New program at UW-River Falls helps rescued dogs become service animals
Falcon News Service
March 23, 2016
A new program at UW-River Falls offers hands-on experience for students in training rescued dogs to become service animals.
The UWRF Service Dog Training Program, part of the Department of Animal and Food Science, started in February. In the program, students majoring in animal science with a companion animal emphasis are able to get hands-on experience by training a rescued dog to have the qualities of a service dog.
The program serves as a bridge for dogs that are being overlooked in rescue or that are maybe facing euthanasia in an overcrowded shelter while providing them with a foundation for potential advanced training, according to Beth Rausch, assistant professor in the Department of Animal and Food Science and the faculty advisor of the UWRF Service Dog Training Program.
Service dogs are trained to perform specific tasks required when aiding a disabled person, according to a press release from the department. This includes tasks such as guiding a blind person, alerting a deaf person, or calming a person with Post Traumatic Stress Disorder.
The university partnered with Coco’s Heart Dog Rescue, which is a nonprofit, foster-based organization in Hudson primarily run by volunteers. The organization rescues dogs from unfortunate situations, places them in foster homes, and gets them quality veterinary care with the goal of finding them lifelong matches with quality homes, according to Ashley Kurtz, executive director of rescue operations at Coco’s Heart Dog Rescue.
Coco’s Heart Dog Rescue has more than 200 rescued dogs, with a focus of helping dogs from overcrowded shelters, rural impounds and stray dogs on reservations. Having previously worked closely with Rausch, Kurtz said that the organization jumped at the chance to have its dogs be part of the program. In partnership with the program, Coco’s Heart Dog Service supplies the rescue dogs to be trained by the students.
“We thought it sounded like a great opportunity to help our rescue dogs get some additional exposure and some training,” Kurtz said. “And hopefully (this will) help them on their way to being a valued member of someone’s family, hopefully in the service way.”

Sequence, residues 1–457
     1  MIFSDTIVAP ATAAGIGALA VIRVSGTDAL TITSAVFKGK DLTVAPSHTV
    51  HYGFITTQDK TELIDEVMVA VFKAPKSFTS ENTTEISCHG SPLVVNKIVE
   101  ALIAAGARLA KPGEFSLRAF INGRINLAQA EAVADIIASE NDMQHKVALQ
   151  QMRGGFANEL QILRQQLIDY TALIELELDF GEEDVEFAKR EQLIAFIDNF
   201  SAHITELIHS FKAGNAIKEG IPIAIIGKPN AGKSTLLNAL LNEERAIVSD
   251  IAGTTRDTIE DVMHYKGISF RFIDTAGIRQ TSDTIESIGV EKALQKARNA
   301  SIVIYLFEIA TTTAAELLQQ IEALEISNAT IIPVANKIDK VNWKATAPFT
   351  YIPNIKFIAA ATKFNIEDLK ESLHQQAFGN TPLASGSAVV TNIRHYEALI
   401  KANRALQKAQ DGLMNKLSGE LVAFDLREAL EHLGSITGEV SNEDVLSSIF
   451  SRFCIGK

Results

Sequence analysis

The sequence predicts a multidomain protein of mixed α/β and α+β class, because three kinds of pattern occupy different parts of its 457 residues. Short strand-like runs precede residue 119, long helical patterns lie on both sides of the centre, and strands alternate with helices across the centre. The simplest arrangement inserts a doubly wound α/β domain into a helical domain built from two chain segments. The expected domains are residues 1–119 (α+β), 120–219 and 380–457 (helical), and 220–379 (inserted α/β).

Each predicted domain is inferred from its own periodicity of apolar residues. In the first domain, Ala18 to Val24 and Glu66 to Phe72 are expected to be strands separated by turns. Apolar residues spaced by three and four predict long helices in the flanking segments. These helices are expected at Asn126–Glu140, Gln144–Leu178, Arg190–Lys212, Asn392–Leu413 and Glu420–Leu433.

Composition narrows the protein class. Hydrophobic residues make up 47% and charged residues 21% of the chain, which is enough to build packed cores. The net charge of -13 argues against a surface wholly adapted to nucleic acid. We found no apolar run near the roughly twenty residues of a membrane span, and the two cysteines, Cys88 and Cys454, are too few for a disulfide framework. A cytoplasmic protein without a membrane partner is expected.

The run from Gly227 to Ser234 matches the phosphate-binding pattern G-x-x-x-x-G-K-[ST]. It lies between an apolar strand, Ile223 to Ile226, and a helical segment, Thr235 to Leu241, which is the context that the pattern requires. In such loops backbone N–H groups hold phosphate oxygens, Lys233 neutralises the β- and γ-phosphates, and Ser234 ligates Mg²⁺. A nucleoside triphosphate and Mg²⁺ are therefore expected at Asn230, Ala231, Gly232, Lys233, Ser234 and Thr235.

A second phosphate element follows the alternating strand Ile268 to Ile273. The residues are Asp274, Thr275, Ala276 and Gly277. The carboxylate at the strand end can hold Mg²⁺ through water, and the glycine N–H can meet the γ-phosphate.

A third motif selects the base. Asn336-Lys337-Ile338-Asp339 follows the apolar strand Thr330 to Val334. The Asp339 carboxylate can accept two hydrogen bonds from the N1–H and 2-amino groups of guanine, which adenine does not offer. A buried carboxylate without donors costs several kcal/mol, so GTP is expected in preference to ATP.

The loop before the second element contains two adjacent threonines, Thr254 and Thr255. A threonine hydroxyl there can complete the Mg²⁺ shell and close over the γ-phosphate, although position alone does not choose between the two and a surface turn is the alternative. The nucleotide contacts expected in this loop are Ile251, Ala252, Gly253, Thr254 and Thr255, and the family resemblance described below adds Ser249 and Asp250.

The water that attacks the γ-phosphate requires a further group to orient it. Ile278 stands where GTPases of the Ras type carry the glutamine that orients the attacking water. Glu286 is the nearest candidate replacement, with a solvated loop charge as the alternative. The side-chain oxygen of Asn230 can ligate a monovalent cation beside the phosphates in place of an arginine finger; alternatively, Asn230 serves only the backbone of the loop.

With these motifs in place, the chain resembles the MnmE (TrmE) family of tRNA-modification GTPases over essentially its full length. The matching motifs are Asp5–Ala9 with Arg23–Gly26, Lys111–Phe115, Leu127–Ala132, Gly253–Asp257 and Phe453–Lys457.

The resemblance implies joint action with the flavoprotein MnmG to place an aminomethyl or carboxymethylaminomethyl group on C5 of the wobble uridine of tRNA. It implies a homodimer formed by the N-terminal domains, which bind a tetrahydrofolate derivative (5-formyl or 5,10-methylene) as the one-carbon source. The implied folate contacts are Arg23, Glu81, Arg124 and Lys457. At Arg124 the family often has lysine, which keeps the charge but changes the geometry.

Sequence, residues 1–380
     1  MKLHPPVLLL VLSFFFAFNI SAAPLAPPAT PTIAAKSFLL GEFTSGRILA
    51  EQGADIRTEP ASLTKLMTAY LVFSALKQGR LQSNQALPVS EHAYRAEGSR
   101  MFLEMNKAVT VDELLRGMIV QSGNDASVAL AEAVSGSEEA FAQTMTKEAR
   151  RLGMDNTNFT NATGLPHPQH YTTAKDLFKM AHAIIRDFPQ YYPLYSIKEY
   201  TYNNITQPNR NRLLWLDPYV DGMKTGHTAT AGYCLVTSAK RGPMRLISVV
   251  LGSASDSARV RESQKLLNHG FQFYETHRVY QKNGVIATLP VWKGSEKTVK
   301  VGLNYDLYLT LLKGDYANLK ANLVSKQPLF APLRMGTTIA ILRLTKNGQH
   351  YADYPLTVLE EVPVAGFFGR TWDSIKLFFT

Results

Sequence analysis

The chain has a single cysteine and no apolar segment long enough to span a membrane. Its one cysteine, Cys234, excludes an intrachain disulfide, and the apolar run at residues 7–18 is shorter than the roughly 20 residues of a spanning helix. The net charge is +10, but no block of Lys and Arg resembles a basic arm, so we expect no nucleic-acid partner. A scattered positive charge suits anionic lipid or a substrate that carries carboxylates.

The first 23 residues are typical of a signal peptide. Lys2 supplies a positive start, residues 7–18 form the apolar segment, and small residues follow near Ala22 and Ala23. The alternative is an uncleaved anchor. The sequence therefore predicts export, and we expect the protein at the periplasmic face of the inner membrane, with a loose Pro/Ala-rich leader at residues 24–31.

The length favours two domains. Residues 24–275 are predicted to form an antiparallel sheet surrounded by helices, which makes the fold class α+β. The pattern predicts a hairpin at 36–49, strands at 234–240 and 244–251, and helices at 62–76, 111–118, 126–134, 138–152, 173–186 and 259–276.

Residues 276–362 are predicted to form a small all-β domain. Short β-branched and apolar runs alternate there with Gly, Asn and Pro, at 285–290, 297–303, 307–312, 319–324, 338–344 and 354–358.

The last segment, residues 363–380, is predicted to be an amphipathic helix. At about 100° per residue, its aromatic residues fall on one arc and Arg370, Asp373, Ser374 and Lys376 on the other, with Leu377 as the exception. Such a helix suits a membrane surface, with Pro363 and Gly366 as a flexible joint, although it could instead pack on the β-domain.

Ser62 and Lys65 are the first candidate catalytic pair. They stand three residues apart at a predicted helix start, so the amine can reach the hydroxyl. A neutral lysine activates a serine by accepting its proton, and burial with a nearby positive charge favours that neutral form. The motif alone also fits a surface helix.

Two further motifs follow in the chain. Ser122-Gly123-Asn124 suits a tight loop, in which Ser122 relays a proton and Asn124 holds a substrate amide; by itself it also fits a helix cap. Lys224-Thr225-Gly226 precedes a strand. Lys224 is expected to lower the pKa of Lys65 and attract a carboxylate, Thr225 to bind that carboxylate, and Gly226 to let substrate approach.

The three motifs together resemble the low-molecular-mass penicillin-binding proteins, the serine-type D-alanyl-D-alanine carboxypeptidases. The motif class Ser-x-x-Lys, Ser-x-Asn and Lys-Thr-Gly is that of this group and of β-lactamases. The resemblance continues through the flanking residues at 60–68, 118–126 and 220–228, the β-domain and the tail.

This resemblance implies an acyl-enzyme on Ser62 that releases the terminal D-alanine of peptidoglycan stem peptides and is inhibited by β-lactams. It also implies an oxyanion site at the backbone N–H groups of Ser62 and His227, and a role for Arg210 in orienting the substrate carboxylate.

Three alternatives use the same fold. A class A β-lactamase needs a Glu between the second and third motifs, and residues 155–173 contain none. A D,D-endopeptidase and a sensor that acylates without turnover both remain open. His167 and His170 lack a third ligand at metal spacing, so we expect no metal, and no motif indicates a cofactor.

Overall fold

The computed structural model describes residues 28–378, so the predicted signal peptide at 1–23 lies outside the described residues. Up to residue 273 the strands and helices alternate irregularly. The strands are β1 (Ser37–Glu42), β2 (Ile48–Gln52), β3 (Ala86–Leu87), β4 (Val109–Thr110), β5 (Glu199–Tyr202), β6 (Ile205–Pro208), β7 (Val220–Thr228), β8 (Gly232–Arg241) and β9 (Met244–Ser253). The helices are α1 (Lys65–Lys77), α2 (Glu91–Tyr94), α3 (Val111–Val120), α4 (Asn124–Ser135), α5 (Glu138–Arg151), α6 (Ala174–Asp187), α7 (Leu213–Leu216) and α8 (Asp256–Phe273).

Four student handlers work in the program, all seniors with a companion animal emphasis. The students are training the first dog to be put through the program, Mel-O-Deedee (“Mel”). Mel rotates between the four students, each having a chance to work both individually with the dog and each other to create an effective training program.
Found on a reservation, Mel arrived at Coco’s Heart Dog Rescue mange-ridden, malnourished and with no hair on her body. Kurtz said that since Mel was rescued she has made huge improvements medically and the program has helped her grow into a “well-rounded adult.”
Mel’s training is based on positive reinforcement. The student handlers don’t use shock or prong collars and work to make sure that Mel isn’t stressed, is having fun, and is willing to do the training required.
“That’s the whole underlying foundation, is that the animal wants to and looks forward to training,” Rausch said. “Without that, the learning won’t be effective and the welfare won’t be there.”
Bailey Post is one of the student handlers for the program. A senior, she hopes to get into meat and companion animal sales after graduation. She said that the unique hands-on experience of the program has allowed her to put into effect what she has learned in her four years of higher education.
“You have your lectures, you have your books, you can read those and learn, but you just don’t learn as much as you would with that hands-on experience,” Post said.
Although Mel is very smart, eager, and has greatly improved since the beginning of training, the biggest obstacle in training her has been not knowing the experiences she went through before she was rescued, Post said. Through training, Mel is currently getting over being on edge around other animals and her fear of traffic and men with facial hair.
“We’re finding out what she’s on edge about and we’re turning those negative memories into positive associations,” Post said.
Although the best-case scenario is for the dogs that go through the program to become service dogs, Rausch said that about 75 percent to 80 percent of dogs don’t make it into advanced training programs. She said that the program is more about saving dogs’ lives and giving students the opportunity to learn through hands-on experiences.
“So if (the dogs) don’t enter into that level, they haven’t failed the program,” Rausch said. “What they have done is have the opportunity to really evolve from a dog that was rescued into a dog that can really be a quality companion animal.”
The program is set up to train one dog per semester, but Rausch said that the transitioning between dogs will depend on how long it takes to train each individual dog. The training could take only a semester or a full year to complete. The schedule has to be fluid and flexible in order to work, so the program moves on only when the dog is ready.
For students involved in the program, the experience is a stepping stone for a career in animal science.
Said Post: “It’s been a really cool, really interesting, fun, little trip.”